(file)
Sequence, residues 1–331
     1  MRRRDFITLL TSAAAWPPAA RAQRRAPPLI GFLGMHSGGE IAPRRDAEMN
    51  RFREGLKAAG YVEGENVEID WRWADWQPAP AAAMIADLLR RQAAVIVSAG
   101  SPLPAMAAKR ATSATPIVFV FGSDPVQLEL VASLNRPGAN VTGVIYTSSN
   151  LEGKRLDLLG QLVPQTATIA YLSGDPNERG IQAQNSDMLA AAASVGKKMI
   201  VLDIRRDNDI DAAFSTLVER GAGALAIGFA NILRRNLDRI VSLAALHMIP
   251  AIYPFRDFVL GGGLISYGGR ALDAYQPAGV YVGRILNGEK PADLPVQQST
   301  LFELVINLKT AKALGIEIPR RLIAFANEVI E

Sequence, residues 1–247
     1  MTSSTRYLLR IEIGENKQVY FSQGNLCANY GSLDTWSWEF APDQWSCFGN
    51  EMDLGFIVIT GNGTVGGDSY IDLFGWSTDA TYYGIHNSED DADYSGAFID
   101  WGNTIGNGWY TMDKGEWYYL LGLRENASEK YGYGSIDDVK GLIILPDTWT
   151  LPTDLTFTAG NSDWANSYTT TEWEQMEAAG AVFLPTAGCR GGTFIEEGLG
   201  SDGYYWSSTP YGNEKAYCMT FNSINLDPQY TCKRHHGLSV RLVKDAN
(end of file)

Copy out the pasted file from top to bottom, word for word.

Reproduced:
Sequence, residues 1–331
     1  MRRRDFITLL TSAAAWPPAA RAQRRAPPLI GFLGMHSGGE IAPRRDAEMN
    51  RFREGLKAAG YVEGENVEID WRWADWQPAP AAAMIADLLR RQAAVIVSAG
   101  SPLPAMAAKR ATSATPIVFV FGSDPVQLEL VASLNRPGAN VTGVIYTSSN
   151  LEGKRLDLLG QLVPQTATIA YLSGDPNERG IQAQNSDMLA AAASVGKKMI
   201  VLDIRRDNDI DAAFSTLVER GAGALAIGFA NILRRNLDRI VSLAALHMIP
   251  AIYPFRDFVL GGGLISYGGR ALDAYQPAGV YVGRILNGEK PADLPVQQST
   301  LFELVINLKT AKALGIEIPR RLIAFANEVI E

Sequence, residues 1–247
     1  MTSSTRYLLR IEIGENKQVY FSQGNLCANY GSLDTWSWEF APDQWSCFGN
    51  EMDLGFIVIT GNGTVGGDSY IDLFGWSTDA TYYGIHNSED DADYSGAFID
   101  WGNTIGNGWY TMDKGEWYYL LGLRENASEK YGYGSIDDVK GLIILPDTWT
   151  LPTDLTFTAG NSDWANSYTT TEWEQMEAAG AVFLPTAGCR GGTFIEEGLG
   201  SDGYYWSSTP YGNEKAYCMT FNSINLDPQY TCKRHHGLSV RLVKDAN